Monday, July 25, 2016

Whitmore Elementary

Here are several tile murals created at Whitmore Elementary by Artist Robin Riley and students.  Photographed on Jan. 23, 2016.

"Owls and Friends"
"Winged Friends"
"Winged Friends"
"Winged Friends"
Click on any photo for a slide show of larger views.
More murals from Whitmore were posted in 2010.

Thursday, July 21, 2016

Maybe a mural, part 70: Bicycling

As with our previous entry, Maybe a mural, part 69: Streetcar platform, you might not consider flat painted figures on a wall to be a “mural.” Please be our guest and decide for yourself! This is on Broadway Bicycles at 140 S. Sarnoff Dr.  Photographed on June 25, 2016.

Click on the photo for a larger (and sharper) image.

Monday, July 18, 2016

Maybe a mural, part 69: Streetcar platform

From time to time over the past ten years, we've shown a piece of art that's usually flat but wouldn't always be called a mural. We call the series “Maybe a mural.” An example is this platform on N. 4th Ave. between E. 6th & 7th Sts.

The artists are Peter Goldlust and Mary Lucking.
Photographed on May 29, 2016.

Friday, July 15, 2016

Striking on Sycamore

What caught my eye first was the mailbox in front of this home; you can see it by clicking there (on the Tucson Mailbox Art blog). When I got out of my car to snap photos of the mailbox, I spotted some more-subtle tile work on a mural at the end of the home's driveway:

We don't go onto peoples' property to take photos, so I stayed on the street and zoomed in to catch the mural — which was partly hidden by a vehicle and a tree limb.

My original photo — on May 17th — was with a camera that can't zoom in very well; it turned out to be too blurry. So I came back on July 11th to make this shot.

Tuesday, July 12, 2016

Ten years of Tucson murals

Today (July 12, 2016) marks the start of the second decade of Tucson murals on this blog. Randy Garsee started The Tucson Murals Project blog on July 12, 2006, with the entry Looonnnggg on Limberlost. Randy showed only a couple of photos of this blocks-long mural (on the east side of Stone Avenue north of Limberlost). So David Aber and I went back on June 12th of this year to cover every inch of it.

Let's start with a video (84 seconds long) showing the mural from north to south.

(You can also click for a full-size page view of the video.)

David also took 16 photos of the mural and carefully stitched them into (very wide!) panoramas. We'll show each of them three ways:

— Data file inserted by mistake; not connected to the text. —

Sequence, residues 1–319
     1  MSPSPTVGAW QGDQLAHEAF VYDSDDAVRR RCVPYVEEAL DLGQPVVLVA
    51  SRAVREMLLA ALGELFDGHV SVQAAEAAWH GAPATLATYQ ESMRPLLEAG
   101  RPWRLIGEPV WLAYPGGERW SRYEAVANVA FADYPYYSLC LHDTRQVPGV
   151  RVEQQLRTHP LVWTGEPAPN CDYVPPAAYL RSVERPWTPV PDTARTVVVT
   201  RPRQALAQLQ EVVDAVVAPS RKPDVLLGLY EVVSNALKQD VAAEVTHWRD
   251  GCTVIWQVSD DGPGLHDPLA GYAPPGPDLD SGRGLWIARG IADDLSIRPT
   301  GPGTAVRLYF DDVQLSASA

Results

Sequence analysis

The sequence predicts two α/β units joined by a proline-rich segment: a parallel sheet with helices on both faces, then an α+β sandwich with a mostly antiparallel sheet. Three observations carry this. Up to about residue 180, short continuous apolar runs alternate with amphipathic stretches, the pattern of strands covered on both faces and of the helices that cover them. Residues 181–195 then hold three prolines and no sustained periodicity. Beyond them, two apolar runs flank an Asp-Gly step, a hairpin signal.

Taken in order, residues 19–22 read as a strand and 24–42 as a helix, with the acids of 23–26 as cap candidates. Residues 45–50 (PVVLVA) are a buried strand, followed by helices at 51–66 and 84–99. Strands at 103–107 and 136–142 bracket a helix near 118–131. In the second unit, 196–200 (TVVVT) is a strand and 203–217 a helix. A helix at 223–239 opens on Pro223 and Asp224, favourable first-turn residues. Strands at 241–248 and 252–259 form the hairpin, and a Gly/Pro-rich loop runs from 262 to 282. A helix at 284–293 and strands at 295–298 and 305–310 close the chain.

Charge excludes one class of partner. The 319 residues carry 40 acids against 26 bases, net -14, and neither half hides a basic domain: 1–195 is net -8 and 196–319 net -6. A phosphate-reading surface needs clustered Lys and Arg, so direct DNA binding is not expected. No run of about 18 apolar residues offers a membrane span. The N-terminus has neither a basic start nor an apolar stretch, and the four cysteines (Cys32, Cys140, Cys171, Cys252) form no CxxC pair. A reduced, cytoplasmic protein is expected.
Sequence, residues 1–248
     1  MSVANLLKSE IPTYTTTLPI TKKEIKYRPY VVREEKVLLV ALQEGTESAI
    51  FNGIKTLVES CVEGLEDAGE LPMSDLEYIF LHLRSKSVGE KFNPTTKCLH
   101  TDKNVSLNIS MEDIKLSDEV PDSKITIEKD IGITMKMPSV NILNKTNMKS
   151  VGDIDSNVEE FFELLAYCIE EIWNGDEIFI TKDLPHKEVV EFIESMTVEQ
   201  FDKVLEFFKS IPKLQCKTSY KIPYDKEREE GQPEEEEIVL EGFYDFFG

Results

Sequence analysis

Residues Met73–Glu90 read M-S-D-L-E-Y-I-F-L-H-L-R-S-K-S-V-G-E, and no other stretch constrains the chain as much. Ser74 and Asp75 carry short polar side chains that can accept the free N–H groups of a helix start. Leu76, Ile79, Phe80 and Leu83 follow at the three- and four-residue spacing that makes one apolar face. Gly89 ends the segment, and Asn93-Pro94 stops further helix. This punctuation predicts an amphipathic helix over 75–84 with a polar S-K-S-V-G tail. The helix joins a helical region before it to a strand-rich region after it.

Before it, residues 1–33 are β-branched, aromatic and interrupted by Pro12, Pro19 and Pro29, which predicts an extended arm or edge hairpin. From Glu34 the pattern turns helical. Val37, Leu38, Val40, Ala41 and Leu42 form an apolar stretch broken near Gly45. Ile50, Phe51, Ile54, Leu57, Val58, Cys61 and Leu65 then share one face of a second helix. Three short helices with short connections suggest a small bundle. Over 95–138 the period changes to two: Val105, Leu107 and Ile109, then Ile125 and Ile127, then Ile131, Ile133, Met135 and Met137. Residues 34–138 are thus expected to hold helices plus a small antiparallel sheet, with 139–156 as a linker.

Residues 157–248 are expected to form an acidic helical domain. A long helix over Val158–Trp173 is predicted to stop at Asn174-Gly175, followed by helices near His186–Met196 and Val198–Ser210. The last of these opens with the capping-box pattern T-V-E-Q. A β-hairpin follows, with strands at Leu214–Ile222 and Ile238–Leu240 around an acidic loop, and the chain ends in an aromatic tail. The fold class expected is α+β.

• As a (very small) image
  • You can click on that image to see it twice as large — which is still so tiny that you can't see much detail.
  • After each of the images, there's a link you can click on to see the full-size panorama. It should open a new window or tab in your browser. Here are a few tips:
    • Depending on your browser or your computer, this very wide image could overwhelm it! But, if it works, it's a spectacular way to see all of the mural, from north to south.
    • If it works, you should be able to either drag the image from left (the north end) to right — or use the scroll bar that appears at the bottom.
    • If the image is too tall for your screen, your browser can probably shrink the image. There are a few ways do this. Maybe you can "pinch" the page to make it smaller. Or, if you have a menu bar at the top the window, click and move your mouse to get a "zoom out" choice:

      Or you might find a menu at the top-right corner:

      Whew! It's not very complicated once you try it, and the full-size view lets you see the detail in this amazing mural.
Here's the left side:
Click to see the left side full-size. Next, the right side:
Click to see the right side full-size. If you'd like to see the whole mural, here it is:
Click to see the whole mural full-size. In case you can't see those panoramas, later (at the end of this entry) I'll show each of the photos that David used to build the panorama. While Dave was shooting the complete mural, I snapped shots of parts that I especially like…
To finish: In case you didn't see David's panoramas above, here are the 16 photos he used to build the stitched panoramas. He used the expansion joints along the wall to have uniform widths… so the individual photos below are chopped in ways that may seem arbitrary. Also, some of the photos have more background than others in order to get a full view of the metal sculptures in front of the mural. With all of that said, here are his photos:
Oh, and just south of the mural is a mailbox mounted on a pair of scissors.
Next: On to another ten years of Tucson murals!